Health Anxiety (Hypochondriasis)

If you constantly worry about your health even though you were not diagnosed with a serious illness you might have health anxiety. Health anxiety ranges from mild and transient to severe and chronic. In its persistent and chronic form, it’s called “hypochondriasis.” People with hypochondriasis are convinced they have a serious disease that has been undetected by medical investigation. Disease conviction arises from misinterpretation of bodily changes and sensations.


Following are clinical features of hypochondriasis.


Cognitive features:


  • Disease conviction: belief that one has a serious disease

  • Disease preoccupation: recurrent thoughts and images of disease and death

  • Hypervigilance for bodily changes

  • Difficulty accepting medical reassurance


Somatic features:


  • Anxiety-related bodily reactions (e.g., palpitations)

  • Benign bodily changes and sensations (e.g., blemishes, mild aches and pains) that are misinterpreted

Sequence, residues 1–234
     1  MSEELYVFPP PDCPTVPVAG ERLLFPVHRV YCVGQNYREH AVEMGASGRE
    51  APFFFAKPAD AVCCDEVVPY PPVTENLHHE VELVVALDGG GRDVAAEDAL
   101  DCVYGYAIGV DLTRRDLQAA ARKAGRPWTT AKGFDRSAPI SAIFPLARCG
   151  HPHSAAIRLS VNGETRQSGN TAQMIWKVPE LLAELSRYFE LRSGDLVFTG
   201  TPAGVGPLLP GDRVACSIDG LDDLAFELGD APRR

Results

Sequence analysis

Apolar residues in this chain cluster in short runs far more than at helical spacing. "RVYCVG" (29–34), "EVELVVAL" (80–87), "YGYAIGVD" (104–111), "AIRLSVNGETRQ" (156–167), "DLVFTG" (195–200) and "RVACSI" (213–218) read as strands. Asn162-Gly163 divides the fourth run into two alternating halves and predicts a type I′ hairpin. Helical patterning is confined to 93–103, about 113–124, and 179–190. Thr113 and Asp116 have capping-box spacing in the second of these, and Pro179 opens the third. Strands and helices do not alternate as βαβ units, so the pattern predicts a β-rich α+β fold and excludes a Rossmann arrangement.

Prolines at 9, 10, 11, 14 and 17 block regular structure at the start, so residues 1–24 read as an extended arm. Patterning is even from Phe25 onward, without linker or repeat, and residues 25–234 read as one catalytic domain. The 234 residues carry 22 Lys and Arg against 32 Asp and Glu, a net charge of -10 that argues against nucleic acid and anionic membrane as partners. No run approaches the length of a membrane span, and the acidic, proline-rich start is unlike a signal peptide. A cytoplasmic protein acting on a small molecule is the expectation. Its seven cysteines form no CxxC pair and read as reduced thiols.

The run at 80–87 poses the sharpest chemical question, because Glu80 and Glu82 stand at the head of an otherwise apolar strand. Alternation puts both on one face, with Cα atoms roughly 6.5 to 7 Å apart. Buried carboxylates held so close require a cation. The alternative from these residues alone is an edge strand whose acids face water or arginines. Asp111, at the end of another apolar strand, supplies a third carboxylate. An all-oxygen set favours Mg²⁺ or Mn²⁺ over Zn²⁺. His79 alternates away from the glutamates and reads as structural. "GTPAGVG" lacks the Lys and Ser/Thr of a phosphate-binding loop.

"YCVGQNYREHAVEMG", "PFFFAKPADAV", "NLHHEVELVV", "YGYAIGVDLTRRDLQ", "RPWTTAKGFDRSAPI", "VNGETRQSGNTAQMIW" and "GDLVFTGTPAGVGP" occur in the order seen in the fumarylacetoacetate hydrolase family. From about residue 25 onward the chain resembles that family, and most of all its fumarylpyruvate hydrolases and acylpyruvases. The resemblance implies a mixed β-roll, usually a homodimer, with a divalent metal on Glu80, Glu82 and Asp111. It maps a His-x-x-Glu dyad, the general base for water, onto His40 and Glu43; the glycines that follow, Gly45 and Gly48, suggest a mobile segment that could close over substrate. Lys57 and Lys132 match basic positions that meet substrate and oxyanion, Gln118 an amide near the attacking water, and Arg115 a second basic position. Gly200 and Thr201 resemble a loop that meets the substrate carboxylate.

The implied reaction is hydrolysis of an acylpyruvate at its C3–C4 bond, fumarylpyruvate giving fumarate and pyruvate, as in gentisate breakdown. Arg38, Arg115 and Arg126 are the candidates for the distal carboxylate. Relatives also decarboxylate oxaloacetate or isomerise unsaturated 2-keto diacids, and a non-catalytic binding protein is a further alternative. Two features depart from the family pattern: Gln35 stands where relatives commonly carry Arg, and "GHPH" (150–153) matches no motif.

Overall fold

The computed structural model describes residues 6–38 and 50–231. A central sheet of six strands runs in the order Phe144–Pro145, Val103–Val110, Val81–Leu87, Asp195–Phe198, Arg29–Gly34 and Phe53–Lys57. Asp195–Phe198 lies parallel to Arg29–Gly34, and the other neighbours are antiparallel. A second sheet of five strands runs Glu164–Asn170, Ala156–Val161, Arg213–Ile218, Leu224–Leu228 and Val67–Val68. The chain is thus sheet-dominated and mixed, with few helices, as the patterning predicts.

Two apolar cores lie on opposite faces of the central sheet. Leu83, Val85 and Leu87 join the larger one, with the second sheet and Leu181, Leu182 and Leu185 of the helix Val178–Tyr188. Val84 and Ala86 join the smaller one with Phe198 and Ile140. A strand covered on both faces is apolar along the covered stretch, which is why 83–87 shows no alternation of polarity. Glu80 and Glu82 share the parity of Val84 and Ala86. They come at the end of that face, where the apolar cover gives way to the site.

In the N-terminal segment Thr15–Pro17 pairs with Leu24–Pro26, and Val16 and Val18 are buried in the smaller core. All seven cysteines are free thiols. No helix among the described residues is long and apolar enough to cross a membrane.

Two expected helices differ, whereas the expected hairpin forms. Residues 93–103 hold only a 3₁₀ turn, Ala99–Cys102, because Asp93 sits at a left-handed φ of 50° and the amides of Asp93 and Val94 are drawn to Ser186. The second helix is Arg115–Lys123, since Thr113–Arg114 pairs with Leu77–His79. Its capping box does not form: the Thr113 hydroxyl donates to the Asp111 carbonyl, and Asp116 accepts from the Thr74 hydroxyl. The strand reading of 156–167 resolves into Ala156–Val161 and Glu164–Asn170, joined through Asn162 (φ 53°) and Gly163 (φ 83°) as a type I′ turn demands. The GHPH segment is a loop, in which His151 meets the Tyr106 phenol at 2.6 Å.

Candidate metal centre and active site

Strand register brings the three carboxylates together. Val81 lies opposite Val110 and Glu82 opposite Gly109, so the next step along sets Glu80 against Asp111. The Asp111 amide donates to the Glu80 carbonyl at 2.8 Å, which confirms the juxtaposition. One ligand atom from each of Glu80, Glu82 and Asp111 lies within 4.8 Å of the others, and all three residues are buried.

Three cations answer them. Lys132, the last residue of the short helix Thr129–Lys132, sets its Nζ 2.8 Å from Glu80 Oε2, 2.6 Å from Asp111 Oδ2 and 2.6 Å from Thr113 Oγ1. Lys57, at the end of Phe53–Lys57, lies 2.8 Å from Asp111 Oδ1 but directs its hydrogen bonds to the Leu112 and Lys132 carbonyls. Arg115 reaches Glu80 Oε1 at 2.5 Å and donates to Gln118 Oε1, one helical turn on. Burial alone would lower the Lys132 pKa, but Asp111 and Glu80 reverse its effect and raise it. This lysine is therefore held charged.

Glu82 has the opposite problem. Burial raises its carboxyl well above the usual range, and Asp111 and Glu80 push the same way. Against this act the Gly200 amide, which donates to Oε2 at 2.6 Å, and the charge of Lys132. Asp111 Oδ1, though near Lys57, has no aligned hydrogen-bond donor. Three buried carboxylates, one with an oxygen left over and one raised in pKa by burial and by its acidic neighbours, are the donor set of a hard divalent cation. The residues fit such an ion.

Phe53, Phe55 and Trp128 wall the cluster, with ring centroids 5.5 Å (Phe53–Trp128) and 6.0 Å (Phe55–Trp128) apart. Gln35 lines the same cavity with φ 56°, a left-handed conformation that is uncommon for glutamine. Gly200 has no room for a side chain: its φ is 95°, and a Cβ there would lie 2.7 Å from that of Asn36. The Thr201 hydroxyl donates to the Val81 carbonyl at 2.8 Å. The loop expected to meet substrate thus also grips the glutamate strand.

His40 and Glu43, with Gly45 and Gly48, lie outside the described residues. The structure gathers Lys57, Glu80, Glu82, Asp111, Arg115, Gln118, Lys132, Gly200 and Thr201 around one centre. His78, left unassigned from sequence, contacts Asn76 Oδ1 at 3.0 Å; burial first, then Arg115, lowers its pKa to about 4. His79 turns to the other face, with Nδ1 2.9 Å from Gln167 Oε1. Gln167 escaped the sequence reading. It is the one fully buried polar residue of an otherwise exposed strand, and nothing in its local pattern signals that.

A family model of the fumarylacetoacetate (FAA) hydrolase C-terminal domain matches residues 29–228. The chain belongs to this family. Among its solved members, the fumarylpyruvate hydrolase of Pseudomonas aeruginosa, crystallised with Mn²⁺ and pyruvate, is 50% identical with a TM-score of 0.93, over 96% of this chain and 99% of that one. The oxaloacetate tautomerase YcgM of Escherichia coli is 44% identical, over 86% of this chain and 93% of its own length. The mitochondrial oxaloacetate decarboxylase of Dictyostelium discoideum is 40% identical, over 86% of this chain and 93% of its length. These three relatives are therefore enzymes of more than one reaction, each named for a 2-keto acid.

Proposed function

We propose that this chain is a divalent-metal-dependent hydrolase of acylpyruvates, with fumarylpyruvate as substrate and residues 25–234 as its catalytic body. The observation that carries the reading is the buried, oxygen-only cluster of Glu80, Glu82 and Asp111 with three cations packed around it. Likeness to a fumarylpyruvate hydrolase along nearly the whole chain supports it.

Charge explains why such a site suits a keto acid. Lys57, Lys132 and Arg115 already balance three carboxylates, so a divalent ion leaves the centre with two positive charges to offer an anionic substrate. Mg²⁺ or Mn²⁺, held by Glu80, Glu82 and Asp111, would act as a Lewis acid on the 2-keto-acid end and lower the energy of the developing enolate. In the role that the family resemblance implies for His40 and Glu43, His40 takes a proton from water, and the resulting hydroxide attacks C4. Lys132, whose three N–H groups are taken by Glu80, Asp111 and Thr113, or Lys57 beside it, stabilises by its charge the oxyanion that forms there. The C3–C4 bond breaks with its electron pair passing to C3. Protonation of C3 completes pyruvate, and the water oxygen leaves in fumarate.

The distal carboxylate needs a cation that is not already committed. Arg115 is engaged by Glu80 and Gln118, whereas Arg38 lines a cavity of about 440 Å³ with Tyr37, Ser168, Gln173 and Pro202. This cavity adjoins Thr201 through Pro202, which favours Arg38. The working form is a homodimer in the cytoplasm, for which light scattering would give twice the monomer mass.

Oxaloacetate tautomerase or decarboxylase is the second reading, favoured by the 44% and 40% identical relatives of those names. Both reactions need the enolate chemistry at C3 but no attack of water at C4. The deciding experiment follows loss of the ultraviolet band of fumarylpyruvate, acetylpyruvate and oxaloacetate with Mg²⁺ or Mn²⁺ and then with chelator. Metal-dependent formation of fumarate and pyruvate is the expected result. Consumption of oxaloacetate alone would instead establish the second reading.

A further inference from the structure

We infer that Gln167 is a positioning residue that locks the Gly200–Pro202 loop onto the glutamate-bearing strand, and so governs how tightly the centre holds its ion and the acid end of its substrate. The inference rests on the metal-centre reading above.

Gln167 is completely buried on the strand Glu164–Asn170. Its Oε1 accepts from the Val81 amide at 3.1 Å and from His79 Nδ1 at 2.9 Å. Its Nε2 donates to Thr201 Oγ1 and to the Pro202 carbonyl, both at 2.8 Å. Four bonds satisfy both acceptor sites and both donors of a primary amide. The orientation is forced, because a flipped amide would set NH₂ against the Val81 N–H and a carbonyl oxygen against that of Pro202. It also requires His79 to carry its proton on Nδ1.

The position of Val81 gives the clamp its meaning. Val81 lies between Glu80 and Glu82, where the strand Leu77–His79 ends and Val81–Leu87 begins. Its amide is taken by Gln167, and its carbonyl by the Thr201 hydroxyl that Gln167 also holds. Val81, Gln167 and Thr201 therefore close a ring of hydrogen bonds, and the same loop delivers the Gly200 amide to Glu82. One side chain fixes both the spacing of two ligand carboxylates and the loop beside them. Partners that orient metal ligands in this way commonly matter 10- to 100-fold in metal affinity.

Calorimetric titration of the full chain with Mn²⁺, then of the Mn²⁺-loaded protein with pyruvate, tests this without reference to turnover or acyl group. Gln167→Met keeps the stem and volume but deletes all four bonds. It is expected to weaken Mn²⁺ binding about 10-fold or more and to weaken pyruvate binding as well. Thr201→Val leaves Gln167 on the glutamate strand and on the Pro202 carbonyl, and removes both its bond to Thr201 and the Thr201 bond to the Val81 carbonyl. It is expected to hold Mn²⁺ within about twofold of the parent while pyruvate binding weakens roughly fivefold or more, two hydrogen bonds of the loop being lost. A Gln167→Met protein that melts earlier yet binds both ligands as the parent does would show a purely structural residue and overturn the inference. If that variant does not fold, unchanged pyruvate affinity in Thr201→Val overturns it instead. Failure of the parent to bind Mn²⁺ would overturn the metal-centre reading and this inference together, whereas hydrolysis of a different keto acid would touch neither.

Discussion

Hypochondriacal fears:


  • Fear of currently having a disease

  • Fear of contracting a disease in the future

  • Fear or anxiety of exposure to disease-related stimuli


Behavioral responses:


  • Repeatedly checking one’s body

  • Reassurance-seeking (e.g., from physicians or significant others) that one does not have serious symptoms

  • Repeated requests for medical tests

  • Checking other sources of medical information (e.g., Internet searches of medical websites)

  • Avoiding or escaping disease-related stimuli


People with health anxiety have 80% more doctors’ visits and are very likely to have other problems—most commonly depression and other anxiety disorders. In some cases, health anxiety is so severe that the person actually neglects seeing a doctor, feeling certain that an examination will reveal the dreaded news.